if this is the only thing that is out of norm for your son i have to suggest looking into whether he is getting enough sleep. my now 7 year old daughter was in a 'tear-mode' constantly for years. i knew she didn't sleep well, she woke up over everything, and took her time to fall asleep i just didn't know that was causing her to be so sad, crying all the time, whiney etc. when i brought it up with her pediatrician he said she isn't getting enough sleep. now she gets melatonin a few nights a week and she is a completely different child. has not had 1 meltdown or crying for no reason even once. look into it. by the way, according to our pediatrician our 7 year old should be getting between 10 and 12 hrs sleep. she definitely wasn't getting that much. now she is and she has changed completely.

1 mom found this helpful


answers from Williamsport on

In case you have not disciplined him firmly for this (just going by your saying you've had patience, and you don't mention disciplining him) This book is great; Back to Basics Discipline by Janet Campbell Matson.

My son who is almost 4 went through a pretty vicious whining stage when he was almost three, but we were able to stop it by being calm, FIRM, CONSISTENT, and systematic about not letting him act that way. Simply saying "I can't hear you when you talk like that" had no effect at all. We tried that route before cracking down on it. He just whined louder. Now he's a very sweet non whiny almost 4, and you'd never know he was such a whiner. Now my 2 1/2 year old is trying it, so the first time she lets out an anguished whine or fuss for no good reason, we give her a "Hup!" (like drill seargent style) to remind her immediately to stop the whine before she continues. It took enforcement at first, but now she gets it and stops the whine in it's tracks before speaking. No other option. Now we say, "Hup!, OK?" and she says "ok" and we say "ok?" and she starts to smile, and we say "All done?" and she says, "all done" and then I say, "What's wrong pooby, woooby" and she has long forgotten. OR, we can empathize with her tragedy AFTER she ceases the whine. By which time she usually forgets she had a tragedy. We can laugh about it now, but it did take firm discipline initially, as in firm consequence after "hup" if she still screamed or whined and we knew it wasn't a real problem. She was also taught to control tantrums, so this step is easier than it could have been, since she's used to the warning and stopping of the fit. She was a born rager too. Whatever you do, NEVER ignore it.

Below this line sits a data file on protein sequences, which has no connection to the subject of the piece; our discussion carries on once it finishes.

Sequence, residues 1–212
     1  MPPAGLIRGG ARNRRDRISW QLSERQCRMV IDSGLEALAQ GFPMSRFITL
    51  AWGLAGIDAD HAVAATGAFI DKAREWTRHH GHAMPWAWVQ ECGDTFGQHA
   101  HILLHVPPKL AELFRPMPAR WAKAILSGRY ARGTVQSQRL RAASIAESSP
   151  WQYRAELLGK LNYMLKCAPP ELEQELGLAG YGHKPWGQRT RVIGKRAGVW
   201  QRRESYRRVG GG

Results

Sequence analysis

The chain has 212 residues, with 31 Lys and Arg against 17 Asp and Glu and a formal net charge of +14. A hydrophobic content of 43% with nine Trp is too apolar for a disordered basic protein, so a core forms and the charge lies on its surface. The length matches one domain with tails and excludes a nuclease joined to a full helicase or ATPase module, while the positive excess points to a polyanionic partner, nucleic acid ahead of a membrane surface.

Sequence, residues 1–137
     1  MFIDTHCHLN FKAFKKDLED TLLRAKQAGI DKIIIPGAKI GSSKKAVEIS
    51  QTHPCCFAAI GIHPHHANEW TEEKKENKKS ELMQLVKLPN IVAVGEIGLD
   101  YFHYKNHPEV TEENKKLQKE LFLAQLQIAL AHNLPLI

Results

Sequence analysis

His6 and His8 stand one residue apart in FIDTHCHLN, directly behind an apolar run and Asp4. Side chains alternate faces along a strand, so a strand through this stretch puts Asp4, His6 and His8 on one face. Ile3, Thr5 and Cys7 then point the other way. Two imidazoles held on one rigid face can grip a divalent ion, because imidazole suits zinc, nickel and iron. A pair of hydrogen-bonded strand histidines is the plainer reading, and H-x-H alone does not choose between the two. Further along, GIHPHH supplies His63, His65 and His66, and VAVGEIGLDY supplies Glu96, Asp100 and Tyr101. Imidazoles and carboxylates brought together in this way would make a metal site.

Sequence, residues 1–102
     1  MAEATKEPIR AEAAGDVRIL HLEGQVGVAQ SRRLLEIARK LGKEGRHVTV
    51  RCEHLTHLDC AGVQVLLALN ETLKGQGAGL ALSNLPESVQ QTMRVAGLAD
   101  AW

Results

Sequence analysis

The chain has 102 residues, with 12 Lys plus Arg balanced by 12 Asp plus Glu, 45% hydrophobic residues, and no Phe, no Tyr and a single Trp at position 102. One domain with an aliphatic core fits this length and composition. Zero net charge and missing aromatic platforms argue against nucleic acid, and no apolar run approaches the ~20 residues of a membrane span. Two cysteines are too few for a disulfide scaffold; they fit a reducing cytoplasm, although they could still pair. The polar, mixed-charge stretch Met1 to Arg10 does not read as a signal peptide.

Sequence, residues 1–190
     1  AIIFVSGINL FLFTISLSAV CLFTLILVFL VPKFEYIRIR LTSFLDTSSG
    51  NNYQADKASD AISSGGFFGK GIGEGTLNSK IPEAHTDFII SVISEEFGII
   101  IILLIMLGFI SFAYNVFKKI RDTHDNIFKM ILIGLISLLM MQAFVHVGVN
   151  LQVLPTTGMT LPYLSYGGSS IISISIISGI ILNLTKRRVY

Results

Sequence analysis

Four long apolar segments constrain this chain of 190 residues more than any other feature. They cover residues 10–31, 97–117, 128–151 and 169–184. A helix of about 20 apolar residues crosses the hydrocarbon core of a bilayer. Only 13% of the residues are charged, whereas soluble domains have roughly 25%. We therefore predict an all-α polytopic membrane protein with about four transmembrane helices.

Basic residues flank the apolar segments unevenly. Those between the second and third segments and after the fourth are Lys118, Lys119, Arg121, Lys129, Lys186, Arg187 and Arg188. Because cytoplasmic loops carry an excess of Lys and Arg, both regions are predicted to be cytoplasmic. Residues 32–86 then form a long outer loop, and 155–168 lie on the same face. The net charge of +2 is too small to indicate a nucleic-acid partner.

He needs to have consequences for constantly whining and crying and speaking disrespectfully or he won't stop. Saying mean things to M.? Hurting you feelings? NO WAY. Do not let him do that, it will make his life harder if he does not understand that respect is mandatory. My friend has a son like this, and holy cow, it's unreal! She lets him do it though. Sometimes she gets fed up and screams at him, but other than that, he has no real consequences for the action of whining all day. If you have been tough on him consistently already, I say, don't give up! But scan the book for some helpful ideas just in case. And obviously, make sure he has no medical issues. If whines more around his parents than other people, you can be pretty assured it's a discipline thing he can turn on and off.

If he's healthy and just difficult, you must persevere more than him. Don't let him outlast you and force you to allow it. 5 is pretty urgent as far as having any control over guiding his character, his habits on how to perceive life will be set soon. It's normal for some kids to act this way with siblings who don't. There's rarely a whole family full of severe whiners :) Phew. Good luck!



answers from Sacramento on